The shockwaves of yesterday’s decision by the Alderney Gambling Control Commission (AGCC) to revoke the e-gaming license of Full Tilt Poker continue to be felt across the poker world.
Following the announcement of the decision by the AGCC – where the executive director of the organization, Andre Wilsenach, said that Full Tilt Poker “fundamentally misled (the) AGCC about their operational integrity” – Full Tilt Poker issued a statement that basically put the onus of the future of the company on the head of the AGCC.
In a press release received by PokerStrategy.com entitled “AGCC Deals A Blow To Full Tilt Poker Players As ‘Investor Close To A Deal’ Testimony Is Disregarded,” the public relations department of Full Tilt stated that the AGCC chose to ignore the factor that there was an imminent deal for an investor/buyer for the embattled company. “The Commission announced its decision to revoke three of the four Full Tilt Poker operating licenses, despite the weight of evidence presented at the hearing by Full Tilt Poker of investor interest in acquiring the company,” the statement read. “The Commission’s decision to revoke Full Tilt Poker’s operating licenses makes it more difficult to execute the sale of the company and hence repay its players.”
This flies directly in the face of what the AGCC stated in their announcement of the revocation. “It is important to note that the revocation of FTP’s licenses does not, as has been suggested, prevent a reactivation of the business under new ownership and management,” the AGCC statement read.
The U. S. Department of Justice, through their offices in the Southern District of New York, offered a statement that does seem to offer a lifeline to the players. “In April of 2011, this Office entered into a domain-name use agreement with Full Tilt Poker,” the Department of Justice statement reads. “That agreement, among other things, expressly authorized Full Tilt Poker to return player funds to players. However, as the September 22 amended complaint alleges, Full Tilt Poker did not in fact have player funds on hand to return to players.”
“Instead, the amended complaint alleges that Full Tilt Poker had, among other things, (a) transferred significant amounts of players’ real money deposits to principals of the company, while (b) allowing many players to continue to gamble, and “win” and “lose,” with phantom credits in their player accounts,” the DoJ alleges.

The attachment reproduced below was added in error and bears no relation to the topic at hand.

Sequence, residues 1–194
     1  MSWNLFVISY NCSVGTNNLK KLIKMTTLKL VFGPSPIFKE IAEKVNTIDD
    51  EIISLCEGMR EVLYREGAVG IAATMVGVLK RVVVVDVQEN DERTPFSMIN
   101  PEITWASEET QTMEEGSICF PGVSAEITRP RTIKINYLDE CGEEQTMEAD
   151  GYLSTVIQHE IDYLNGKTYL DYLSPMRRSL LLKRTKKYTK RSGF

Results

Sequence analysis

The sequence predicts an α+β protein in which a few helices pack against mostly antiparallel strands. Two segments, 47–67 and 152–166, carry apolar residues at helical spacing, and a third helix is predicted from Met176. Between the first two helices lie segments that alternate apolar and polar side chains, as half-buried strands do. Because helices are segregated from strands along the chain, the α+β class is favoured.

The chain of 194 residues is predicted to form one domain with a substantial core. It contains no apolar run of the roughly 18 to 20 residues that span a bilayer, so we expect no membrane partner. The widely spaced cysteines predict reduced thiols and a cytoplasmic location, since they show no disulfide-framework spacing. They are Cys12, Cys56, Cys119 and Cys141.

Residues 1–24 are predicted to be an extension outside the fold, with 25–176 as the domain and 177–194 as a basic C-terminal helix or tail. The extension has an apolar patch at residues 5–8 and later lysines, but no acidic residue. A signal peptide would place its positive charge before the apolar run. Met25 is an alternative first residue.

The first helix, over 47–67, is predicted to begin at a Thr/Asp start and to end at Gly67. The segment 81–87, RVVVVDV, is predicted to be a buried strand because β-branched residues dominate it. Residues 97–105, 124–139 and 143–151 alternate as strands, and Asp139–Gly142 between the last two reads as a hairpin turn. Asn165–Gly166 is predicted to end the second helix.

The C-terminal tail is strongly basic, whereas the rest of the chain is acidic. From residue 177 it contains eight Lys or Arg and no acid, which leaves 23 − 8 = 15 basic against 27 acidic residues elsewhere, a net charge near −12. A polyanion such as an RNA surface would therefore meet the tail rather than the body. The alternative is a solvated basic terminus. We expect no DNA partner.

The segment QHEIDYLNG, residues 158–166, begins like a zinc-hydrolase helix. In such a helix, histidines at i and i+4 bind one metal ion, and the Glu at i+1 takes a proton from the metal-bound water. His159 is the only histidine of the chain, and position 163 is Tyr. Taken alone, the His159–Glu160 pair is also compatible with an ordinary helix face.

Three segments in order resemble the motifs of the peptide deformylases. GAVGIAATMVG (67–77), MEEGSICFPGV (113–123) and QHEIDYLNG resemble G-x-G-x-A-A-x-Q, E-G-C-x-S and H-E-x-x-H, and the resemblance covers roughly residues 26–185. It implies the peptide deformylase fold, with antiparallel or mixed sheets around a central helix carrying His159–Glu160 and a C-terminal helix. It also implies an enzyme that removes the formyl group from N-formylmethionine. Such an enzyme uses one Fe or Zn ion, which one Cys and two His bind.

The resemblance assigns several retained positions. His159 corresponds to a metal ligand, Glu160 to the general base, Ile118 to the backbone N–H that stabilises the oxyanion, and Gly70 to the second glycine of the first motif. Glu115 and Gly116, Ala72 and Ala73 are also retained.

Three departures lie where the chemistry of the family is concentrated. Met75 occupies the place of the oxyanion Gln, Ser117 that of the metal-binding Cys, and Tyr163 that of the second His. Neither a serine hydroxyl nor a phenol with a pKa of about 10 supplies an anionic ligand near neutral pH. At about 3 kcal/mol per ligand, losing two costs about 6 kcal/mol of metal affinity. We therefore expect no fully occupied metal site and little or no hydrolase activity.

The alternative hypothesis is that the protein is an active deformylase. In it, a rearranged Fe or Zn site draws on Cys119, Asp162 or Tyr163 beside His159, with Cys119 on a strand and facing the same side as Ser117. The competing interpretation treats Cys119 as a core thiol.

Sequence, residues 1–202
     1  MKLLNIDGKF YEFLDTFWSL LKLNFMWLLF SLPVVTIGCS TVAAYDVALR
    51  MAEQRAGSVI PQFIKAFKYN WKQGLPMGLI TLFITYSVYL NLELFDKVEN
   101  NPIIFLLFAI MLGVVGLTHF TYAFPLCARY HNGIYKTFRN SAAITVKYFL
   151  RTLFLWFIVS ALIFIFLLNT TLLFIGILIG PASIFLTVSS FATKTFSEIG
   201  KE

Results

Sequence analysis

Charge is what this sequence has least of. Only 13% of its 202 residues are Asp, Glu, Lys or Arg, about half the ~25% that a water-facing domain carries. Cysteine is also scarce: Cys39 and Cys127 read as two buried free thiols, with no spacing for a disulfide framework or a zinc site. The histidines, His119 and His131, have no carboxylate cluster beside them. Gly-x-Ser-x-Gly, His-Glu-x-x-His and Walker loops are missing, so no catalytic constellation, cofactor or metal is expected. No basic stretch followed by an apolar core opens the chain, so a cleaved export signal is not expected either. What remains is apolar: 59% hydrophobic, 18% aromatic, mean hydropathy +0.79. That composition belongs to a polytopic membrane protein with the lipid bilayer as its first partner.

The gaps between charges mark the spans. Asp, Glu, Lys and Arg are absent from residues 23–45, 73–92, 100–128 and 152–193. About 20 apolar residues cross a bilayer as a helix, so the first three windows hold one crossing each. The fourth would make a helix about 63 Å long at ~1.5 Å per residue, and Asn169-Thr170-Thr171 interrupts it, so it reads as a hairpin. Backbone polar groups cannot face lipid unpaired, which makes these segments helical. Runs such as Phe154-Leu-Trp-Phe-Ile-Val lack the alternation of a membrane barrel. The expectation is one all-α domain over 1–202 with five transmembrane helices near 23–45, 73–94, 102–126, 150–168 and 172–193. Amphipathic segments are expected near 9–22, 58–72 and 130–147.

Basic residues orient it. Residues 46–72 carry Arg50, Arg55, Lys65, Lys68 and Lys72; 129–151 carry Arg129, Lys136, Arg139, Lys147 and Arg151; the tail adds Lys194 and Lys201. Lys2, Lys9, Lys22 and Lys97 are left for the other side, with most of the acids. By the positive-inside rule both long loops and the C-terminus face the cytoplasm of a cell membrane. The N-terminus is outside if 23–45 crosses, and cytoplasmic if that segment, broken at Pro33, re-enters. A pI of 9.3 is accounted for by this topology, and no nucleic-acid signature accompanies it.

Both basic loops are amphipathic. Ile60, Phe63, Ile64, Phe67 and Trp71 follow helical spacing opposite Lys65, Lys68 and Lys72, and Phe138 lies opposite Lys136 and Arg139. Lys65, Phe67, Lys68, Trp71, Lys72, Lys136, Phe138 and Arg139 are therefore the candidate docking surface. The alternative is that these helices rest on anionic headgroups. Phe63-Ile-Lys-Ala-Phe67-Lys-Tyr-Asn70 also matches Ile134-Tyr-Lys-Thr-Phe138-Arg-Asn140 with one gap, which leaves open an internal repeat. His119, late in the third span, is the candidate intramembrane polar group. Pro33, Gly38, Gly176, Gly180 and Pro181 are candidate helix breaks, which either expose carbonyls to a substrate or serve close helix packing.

“At this time, this Office, together with the FBI and other agencies, is attempting to trace, secure and forfeit as much as possible of the funds derived from operation of the fraud committed by Full Tilt Poker and its board members that is alleged in the amended complaint,” the Justice Department memo concludes. “The Office is also attempting to obtain and examine the books and records of Full Tilt Poker. Many of those books and records are kept overseas. The return of forfeited funds to victims of the alleged fraud may be possible, but will depend on several factors, including the successful conclusion of the litigation, the amount of funds seized and ordered forfeited by the court, and compliance with other procedures the Department of Justice may eventually establish regarding return of forfeited funds to victims who lost money as a result of the alleged fraudulent conduct.”
The professional poker world has also weighed in on the decision by the AGCC. On Twitter, Kathy Liebert and Doyle Brunson discussed the issue, with Liebert Tweeting, “I have never liked Howard or FTP, but I didn’t think they would ruin their reputations and freedom to steal the money from their depositors.” After Liebert issued another Tweet that said, “I don’t believe all of Team FTP responsible, but they are responsible to return the millions they received,” Brunson chimed in by saying, “Sadly, I agree.”
Other players sounded off about the revocation, with Eugene Todd Tweeting, “Just can’t understand why FTP would let it get to this. They should (have) all got together and worked out a way to start paying back.” Adam Junglen was potentially being optimistic when he Tweeted, “If I ever get my FTP money my family is getting the sickest Christmas ever,” while Brad “Yukon” Booth took a more pessimistic approach in Tweeting, “FTP stands for Filling Their Pockets.”
Even though the revocation of Full Tilt’s license seems to be the endgame, there is still much to be decided with the scandal. Will the company file for bankruptcy or will they find their investor to save the company? Will players be repaid around the world? Will any of the major players in the operation of the company be facing more serious criminal charges? The Full Tilt Poker scandal is a story that should play out well into the coming year.